However, Hobbes bluntly reaches several conclusions that would make a libertarian wince. Subjects have no right to attempt changing their government. The sovereign cannot forfeit his power. The laws of the commonwealth do not apply to the sovereign. Dissent is not allowed. The sovereign’s power is not limited. Hobbes hates separation of powers too. Hobbes acknowledges that this is a recipe for tyranny. Hobbes even denies the right of dissent based on religious conscience. He demands the outward form of obedience to whatever the sovereign mandates religiously. You can believe, according to him, whatever you want, and God will judge you accordingly, but even God expects absolute obedience. Hobbes says that government wanting power is always much worse than too much power. He blithely adds that the government is always concerned with its subjects' welfare because it is a component of their welfare. He is also quaintly naïve when he says that the sovereign will grant his subjects much freedom because there are many areas he will not seek to regulate. Obviously, he didn’t forsee the regulatory zeal of the modern Leviathan.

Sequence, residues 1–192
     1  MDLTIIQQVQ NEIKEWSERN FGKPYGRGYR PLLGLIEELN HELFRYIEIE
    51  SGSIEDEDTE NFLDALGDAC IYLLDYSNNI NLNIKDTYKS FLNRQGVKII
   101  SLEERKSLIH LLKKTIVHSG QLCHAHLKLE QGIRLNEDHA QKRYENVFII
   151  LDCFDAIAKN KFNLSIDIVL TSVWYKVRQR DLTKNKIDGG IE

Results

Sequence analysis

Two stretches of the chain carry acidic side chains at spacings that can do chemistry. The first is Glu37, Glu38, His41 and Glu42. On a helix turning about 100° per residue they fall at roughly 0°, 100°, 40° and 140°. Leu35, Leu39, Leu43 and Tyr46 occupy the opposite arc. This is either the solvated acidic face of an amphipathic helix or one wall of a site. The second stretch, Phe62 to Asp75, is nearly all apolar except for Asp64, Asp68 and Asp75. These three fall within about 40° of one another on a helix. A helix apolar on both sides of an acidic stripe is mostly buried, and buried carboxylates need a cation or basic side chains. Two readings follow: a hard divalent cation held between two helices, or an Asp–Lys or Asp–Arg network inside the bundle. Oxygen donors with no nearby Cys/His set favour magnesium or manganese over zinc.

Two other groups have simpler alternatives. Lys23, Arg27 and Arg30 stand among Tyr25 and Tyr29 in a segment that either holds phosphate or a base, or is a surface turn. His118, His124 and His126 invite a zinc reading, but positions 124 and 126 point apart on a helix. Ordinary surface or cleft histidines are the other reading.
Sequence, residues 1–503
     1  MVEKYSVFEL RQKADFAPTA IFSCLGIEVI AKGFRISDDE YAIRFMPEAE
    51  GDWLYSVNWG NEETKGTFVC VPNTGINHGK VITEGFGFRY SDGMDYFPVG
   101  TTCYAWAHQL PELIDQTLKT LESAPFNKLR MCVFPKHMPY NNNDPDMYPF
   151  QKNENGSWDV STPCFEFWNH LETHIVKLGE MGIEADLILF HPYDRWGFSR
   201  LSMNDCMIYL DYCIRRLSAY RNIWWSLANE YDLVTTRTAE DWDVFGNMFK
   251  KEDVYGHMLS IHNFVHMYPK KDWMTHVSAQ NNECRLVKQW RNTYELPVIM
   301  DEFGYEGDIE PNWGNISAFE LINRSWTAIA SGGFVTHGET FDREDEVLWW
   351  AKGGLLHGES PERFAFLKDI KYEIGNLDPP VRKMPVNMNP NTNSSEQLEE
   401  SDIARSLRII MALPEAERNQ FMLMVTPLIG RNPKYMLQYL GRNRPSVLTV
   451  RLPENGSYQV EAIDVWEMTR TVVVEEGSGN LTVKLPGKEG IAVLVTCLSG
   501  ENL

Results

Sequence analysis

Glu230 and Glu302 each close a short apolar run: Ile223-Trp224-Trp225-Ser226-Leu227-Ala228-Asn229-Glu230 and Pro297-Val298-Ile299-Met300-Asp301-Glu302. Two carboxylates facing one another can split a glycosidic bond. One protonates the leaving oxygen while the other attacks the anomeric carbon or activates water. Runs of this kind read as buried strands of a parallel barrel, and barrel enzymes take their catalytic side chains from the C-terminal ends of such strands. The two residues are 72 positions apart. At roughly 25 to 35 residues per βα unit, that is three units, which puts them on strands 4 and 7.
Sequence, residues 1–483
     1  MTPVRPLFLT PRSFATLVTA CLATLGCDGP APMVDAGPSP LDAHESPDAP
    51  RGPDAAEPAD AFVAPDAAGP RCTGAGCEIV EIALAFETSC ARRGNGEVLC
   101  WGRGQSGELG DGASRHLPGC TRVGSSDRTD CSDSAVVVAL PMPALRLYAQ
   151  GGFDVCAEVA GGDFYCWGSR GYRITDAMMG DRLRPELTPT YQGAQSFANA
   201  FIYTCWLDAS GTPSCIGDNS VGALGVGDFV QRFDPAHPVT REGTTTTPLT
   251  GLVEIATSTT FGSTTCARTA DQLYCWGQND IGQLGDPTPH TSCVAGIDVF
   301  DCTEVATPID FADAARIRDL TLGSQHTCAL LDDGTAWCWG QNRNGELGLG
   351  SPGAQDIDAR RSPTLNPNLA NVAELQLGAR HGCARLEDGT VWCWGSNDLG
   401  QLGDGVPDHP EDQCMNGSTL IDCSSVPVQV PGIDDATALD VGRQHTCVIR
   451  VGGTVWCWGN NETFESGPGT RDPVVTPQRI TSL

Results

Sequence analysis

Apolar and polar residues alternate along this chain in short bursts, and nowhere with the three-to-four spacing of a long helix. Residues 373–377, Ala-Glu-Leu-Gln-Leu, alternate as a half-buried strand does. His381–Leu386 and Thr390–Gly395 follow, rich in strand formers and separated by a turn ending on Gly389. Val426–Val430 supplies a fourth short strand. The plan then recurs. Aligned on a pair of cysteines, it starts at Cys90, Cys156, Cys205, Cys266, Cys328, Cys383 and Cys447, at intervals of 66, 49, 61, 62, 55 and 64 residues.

Still, Hobbes (at least in my very uneducated opinion) seems to straddle not only an authoritarian tradition but a libertarian one. He says that “force and fraud” are the cardinal virtues of war. Presumably that includes the war of man with every other man that occurs in nature. Government is instituted to eliminate this warfare. Interestingly, libertarians view government’s sole legitimate function as preventing “force and fraud”. In other words, like Hobbes, they wish to quell warfare in the state of nature. Libertarians base much of their philosophy on the use of contracts, and Hobbes bases his philosophy on that too. The subject, to avoid the unpleasant state of man in nature, voluntarily gives up his rights and will to a sovereign that promises security from violence. Much of the book is a detailed explication of this idea in its various political and religious implications. However, though Hobbes is about as an extreme advocate of governmental power as there is, he says a subject can – with justice (which, in Hobbes’ terms, means without violating the contract the subject forms with his sovereign) – resist a sovereign’s attempt to kill him. The whole point of the contract, Hobbes argues, is for the subject to avoid death. A subject can also justly refuse to kill himself, testify against themselves, or defend their life (even if they are criminals who have committed an unjust act the state seeks to punish) against the sovereign. While Hobbes views every action of the sovereign authorized by the subject via contract to get security, he points out that logically the contract is void when the subject’s life is at stake.